The Scottish Parliament Building lies in Central Edinburgh. UNESCO has made this building and the surrounding area a World Heritage Site. The authorities commenced its construction in the second half of 1999, and Scottish Parliament Members gathered there for the first time on September 7, 2004. On October 9, 2004, Queen Elizabeth II presided over the opening ceremony of the parliament building. The architect Enric Miralles, who designed the Parliament, died before its completion.
Scottish Parliament building: before and after
Before the opening of the parliament building, the parliamentary affairs of Scotland was held at different offices and buildings. For example, the committee meetings and debates took place in the General Assembly Hall at the Scotland Church which was located on The Mound in Edinburgh. The City of Edinburgh Council leased out it’s building for administrative affairs of the parliament. After all these different locations the parliamentary affairs commenced in the new parliament building once it was opened. Now it houses over 129 house members and over 1,000 staff members.
Scottish Parliament building: Allegations
However, Scottish politicians and the media as well as the public highly criticised and levelled allegations at the construction of the parliament building from its initiation claiming that corruption was rampant in the whole procedure. Even though the cost of the building was initially estimated to be £414 million, the cost had gone to the extreme when the construction reached its completion, after almost three years from the scheduled opening date in 2001.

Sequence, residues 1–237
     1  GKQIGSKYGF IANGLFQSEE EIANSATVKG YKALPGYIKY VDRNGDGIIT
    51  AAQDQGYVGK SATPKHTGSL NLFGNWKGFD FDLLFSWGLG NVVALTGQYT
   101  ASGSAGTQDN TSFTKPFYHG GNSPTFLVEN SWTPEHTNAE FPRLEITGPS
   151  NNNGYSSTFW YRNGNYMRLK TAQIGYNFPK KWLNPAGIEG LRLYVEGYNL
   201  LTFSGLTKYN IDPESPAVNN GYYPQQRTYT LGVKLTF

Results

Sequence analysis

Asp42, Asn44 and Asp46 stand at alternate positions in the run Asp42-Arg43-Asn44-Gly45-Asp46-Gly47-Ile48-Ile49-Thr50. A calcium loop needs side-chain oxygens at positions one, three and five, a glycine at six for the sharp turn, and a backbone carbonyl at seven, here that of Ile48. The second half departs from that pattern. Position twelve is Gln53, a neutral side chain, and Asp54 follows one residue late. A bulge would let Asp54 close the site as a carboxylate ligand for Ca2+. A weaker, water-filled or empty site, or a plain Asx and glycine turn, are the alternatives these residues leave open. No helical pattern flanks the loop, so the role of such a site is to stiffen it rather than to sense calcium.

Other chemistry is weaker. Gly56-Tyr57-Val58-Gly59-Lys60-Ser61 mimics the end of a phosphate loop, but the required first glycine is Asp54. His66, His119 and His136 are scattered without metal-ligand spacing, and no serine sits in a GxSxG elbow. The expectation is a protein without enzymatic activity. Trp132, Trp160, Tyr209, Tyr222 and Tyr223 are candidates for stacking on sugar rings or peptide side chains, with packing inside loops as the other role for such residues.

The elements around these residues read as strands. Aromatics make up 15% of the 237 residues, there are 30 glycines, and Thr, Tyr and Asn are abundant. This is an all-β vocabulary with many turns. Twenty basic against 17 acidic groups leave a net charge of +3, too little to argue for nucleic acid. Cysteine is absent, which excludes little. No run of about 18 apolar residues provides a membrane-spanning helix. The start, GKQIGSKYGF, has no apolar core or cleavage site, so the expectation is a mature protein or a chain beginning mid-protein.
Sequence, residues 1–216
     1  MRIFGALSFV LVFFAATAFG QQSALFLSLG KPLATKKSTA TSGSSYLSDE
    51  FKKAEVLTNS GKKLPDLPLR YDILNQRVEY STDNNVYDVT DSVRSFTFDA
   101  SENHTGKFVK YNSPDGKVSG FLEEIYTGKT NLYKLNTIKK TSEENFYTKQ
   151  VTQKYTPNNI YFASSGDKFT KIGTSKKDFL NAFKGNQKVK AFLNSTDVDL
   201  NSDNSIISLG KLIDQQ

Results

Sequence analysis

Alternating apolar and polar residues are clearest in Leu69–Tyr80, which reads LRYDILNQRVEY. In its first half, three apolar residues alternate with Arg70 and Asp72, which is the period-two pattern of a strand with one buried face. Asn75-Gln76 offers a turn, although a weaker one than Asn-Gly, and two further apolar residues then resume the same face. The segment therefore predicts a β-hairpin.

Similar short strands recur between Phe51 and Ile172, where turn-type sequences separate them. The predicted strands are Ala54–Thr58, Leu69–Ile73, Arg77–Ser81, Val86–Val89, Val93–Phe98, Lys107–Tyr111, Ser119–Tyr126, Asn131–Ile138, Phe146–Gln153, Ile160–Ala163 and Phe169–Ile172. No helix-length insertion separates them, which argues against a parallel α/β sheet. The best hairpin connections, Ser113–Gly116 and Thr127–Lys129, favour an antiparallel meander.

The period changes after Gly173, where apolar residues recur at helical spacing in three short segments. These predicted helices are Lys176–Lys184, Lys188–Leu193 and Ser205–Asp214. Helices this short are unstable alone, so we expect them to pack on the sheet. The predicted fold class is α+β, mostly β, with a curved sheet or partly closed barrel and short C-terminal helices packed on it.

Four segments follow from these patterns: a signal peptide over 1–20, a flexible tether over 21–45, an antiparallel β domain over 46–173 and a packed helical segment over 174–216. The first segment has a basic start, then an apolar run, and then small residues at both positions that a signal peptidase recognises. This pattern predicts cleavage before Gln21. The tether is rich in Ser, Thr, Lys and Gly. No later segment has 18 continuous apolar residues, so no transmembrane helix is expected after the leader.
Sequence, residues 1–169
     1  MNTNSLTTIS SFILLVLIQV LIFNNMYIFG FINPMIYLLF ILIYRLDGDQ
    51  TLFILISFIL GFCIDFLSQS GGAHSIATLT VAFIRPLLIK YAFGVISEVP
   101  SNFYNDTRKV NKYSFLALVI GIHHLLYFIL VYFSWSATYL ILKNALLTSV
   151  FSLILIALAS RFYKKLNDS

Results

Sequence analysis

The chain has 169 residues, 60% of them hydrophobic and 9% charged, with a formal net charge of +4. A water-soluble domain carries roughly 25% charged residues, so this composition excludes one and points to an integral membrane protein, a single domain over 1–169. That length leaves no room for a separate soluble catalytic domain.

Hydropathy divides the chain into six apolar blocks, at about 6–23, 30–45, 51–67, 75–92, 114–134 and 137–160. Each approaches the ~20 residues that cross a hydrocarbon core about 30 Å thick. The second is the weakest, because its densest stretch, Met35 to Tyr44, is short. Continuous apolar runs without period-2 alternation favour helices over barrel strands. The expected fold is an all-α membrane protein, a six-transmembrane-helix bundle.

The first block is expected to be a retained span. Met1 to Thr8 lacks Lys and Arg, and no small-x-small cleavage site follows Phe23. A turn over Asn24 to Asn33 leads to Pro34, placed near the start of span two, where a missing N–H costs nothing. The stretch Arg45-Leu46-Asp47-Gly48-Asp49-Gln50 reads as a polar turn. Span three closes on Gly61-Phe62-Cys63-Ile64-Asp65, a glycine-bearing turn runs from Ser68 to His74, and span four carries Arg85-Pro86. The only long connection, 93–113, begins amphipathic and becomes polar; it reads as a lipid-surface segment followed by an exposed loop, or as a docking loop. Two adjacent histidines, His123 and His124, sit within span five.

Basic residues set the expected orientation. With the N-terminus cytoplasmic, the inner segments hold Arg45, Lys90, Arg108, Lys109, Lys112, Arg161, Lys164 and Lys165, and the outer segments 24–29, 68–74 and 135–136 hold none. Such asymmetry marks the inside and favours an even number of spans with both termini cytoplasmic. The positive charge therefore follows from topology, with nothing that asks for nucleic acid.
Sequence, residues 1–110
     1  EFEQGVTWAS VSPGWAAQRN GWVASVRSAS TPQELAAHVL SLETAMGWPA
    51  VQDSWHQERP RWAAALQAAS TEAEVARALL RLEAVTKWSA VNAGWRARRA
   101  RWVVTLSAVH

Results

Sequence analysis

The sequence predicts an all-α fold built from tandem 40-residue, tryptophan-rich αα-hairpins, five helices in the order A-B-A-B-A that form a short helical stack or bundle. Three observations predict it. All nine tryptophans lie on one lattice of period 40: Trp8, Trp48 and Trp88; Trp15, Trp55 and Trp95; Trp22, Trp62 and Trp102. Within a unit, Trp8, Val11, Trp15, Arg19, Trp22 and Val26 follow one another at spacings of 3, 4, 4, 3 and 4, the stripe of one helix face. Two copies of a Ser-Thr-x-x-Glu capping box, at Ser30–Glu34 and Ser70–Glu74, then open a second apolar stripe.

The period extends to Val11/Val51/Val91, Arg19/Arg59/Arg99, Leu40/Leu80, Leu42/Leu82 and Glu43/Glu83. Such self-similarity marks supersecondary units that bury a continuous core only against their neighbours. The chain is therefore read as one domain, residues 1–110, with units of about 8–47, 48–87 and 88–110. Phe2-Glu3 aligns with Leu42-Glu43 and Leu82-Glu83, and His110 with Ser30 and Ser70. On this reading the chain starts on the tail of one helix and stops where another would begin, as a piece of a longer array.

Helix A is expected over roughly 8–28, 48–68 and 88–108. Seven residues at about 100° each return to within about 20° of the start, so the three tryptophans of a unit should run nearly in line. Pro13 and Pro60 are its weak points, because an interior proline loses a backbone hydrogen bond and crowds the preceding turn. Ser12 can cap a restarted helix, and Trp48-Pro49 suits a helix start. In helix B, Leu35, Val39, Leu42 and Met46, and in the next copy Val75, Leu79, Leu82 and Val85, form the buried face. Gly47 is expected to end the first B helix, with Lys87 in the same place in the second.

Scottish Parliament building: Inquiry into allegations
An inquiry board was appointed in 2003 chaired by Lord Advocate Peter Fraser to look into the allegations. In 2004, the board revealed that the management of the construction had committed financial misappropriation in the construction. Despite complaints by the public and politicians, many in the architecture field marvelled at the new building. According to them, the building has a natural affinity with its background, regional culture and its people. Confirming their acclaims, the building received many awards such as the Sterling Prize 2005.
Artefacts of the Scottish Parliament building
The parliament building has a range of masterpieces. The gifts given by foreign delegations and various other dignitaries add to the bulk of these masterpieces. The building also houses a high number of famous sculptures that display the value of Scottish culture and Scottish people. The Scottish Parliamentary Corporate Body led by Jamie Stone MSP is responsible for selecting artefacts for public display in the building. The Body also carries out displaying relevant quotations, issuing tenders, making purchases and so on.
Scottish Parliament building: Honours of Scotland
Among the famous sculptures and artefacts in the parliament building lie the Sculpture ‘Honours of Scotland’. Queen Victoria had gifted it to the parliament house when she opened it during her time. The Sculpture contains honours of the country: the crown, sword and sceptre. Even though this sculpture has been at the parliamentary sessions earlier, it has now taken a permanent place in the Edinburgh Castle. The Main Hall of the parliament building boasts the Visitor Information Desk embossed with grand designs. It has cost the authorities £88,000 and a plethora of criticism for its high price.